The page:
According to catastrophe modeling firm AIR Worldwide, “Tropical Cyclone Ita crossed the north Queensland coast near Cape Flattery between 11:00 and 12:00 UTC (9-10 p.m. Australian Eastern Standard Time [AEST]) Friday, April 11, as a Category 4 cyclone (on the Australia cyclone scale; Category 3 on the Saffir-Simpson scale) with maximum winds estimated by the Australia Bureau Of Meteorology (BoM) at 90 knots [103.57 mph] (10-minute sustained).
AIR noted that “Ita weakened from Category 5 (Category 4 on the Saffir-Simpson) to Category 4 in the 12 to18 hours preceding landfall, likely due to an eye wall replacement cycle, which was evident in microwave satellite imagery.
“Currently, indications are that insured losses will be mitigated to a great degree by the strength of the building codes in Queensland, by the sparse population in the vicinity of landfall, and by the relatively small size of the storm.
Kevin Hill, senior scientist at AIR Worldwide, described Ita as a “small cyclone, which should serve to limit the spatial extent of damaging winds. Near the time of landfall, Ita was estimated to have a radius of maximum wind of 15 km [9.82 miles], radius of hurricane force wind of 35 km [21.75 miles], radius of storm force wind of 65 km [40.4 mph], and radius of gale force wind of 160 km [99.5 miles] The area of coast near the landfall location of Ita is sparsely populated, which will also serve to limit damage.”
Since landfall, Ita has been downgraded to a Category 3 storm (Category 2 on the Saffir-Simpson scale) in the most recent (issued at 12:08 a.m. AEST, April 12) BoM advisory. The BoM forecast indicates rapid weakening over the next 12 hours as it tracks to the south-southwest over rough terrain just inland from the coast.
AIR said the system was “forecast to weaken below cyclone intensity overnight Saturday night. On this track, gales may extend south and east to the more populated areas of Cairns and Innisfail, and minor flooding is forecast to occur between Cape Tribulation and Cairns, including Port Douglas.”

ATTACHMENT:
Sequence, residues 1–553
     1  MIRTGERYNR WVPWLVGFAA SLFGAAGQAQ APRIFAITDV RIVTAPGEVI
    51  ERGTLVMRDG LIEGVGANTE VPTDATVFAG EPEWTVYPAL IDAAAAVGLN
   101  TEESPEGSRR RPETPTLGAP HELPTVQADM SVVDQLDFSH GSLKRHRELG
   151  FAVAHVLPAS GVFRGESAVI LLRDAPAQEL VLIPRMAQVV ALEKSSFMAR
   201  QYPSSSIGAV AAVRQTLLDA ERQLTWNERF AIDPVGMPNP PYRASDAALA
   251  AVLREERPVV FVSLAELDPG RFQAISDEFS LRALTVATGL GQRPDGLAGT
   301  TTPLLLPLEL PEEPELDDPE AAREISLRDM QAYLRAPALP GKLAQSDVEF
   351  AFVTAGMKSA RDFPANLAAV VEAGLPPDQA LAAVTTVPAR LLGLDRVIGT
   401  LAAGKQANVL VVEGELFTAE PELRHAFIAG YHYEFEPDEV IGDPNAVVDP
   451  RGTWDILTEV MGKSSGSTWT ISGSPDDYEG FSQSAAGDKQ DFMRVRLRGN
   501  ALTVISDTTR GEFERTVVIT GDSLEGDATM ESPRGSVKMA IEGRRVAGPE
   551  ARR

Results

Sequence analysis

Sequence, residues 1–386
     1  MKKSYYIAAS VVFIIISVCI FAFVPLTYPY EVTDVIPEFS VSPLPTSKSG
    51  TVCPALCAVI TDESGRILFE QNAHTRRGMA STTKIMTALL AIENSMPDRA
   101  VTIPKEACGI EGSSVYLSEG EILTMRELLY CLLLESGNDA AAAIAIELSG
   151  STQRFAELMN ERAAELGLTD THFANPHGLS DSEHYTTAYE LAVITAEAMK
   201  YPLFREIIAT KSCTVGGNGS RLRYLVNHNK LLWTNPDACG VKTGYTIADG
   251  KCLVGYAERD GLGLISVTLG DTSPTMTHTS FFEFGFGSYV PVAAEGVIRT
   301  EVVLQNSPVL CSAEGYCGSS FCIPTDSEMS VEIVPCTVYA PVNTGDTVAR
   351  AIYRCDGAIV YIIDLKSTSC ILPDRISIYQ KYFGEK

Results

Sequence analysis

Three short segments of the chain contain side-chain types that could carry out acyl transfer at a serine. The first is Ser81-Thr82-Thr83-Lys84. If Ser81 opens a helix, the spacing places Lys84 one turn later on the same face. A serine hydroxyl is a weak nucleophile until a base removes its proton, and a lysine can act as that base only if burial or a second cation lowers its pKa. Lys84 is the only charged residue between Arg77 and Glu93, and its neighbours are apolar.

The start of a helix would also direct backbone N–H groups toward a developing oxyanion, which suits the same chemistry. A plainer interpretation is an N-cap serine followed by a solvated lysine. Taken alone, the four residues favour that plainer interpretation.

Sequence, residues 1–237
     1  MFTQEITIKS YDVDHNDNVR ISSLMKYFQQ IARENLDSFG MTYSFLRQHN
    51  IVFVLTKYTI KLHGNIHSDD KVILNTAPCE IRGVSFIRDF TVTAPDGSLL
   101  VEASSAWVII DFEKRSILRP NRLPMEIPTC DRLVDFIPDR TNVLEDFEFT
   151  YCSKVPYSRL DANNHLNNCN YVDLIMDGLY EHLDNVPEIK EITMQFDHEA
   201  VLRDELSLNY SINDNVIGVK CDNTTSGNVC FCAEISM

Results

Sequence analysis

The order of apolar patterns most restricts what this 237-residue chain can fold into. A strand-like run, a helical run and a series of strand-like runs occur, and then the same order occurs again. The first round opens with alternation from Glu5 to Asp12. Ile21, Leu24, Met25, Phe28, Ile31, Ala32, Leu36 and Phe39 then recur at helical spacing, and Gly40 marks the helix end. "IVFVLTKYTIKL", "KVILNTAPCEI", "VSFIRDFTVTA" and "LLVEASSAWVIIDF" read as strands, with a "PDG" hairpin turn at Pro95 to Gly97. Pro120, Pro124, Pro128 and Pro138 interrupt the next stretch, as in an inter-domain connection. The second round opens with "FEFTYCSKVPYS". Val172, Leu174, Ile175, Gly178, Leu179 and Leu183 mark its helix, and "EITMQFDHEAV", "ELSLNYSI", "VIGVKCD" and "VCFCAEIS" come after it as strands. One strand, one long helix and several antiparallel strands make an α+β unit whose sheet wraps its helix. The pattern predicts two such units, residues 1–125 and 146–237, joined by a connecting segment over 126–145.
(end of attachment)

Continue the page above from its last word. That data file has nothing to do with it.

Hill noted: “Due to limited wind speed observations, it is difficult to verify the maximum intensity of Ita. Cape Flattery, over which the eye wall of Ita passed, reported a peak 10-min sustained wind of 61 knots (81 mph 1-minute). This station also recorded a minimum pressure observation of 961 mb, although the station did not experience the center of the storm. This value is consistent with the BoM estimated minimum central pressure of 955 mb at landfall.”
Cooktown, a town of ~2,400 people (with about 10,000 in the greater area around it) and located south of the initial landfall location, reported peak 10-min sustained winds of ~42 knots (~55 mph 1-minute) as of 12:00 a.m. AEST, April 12.
According to AIR, at Category 3 and 4 wind speeds, “damage is expected to be significant, particularly to older structures. Local authorities have warned residents that homes and buildings built prior to 1985 will likely suffer significant damage; roughly one-third of homes in Cooktown were built before 1985. Structural damage to houses and buildings may occur, especially to rooftops, while windows and cladding on engineered structures could be damaged by impact from debris. Many trees will likely be uprooted and snapped, blocking roadways or damaging homes and automobiles. For those structures that have been built to code (implemented after Cyclone Tracy in 1974) the structural building practices and requirements set down by the code will help mitigate the effects of high winds and associated debris.”
AIR added that so far “there have been no reports of coastal flood or storm surge at this time. The damage to property in the area of impact will most likely be better known when day breaks in the area and it is safe to go outside.”
Source: AIR Worldwide
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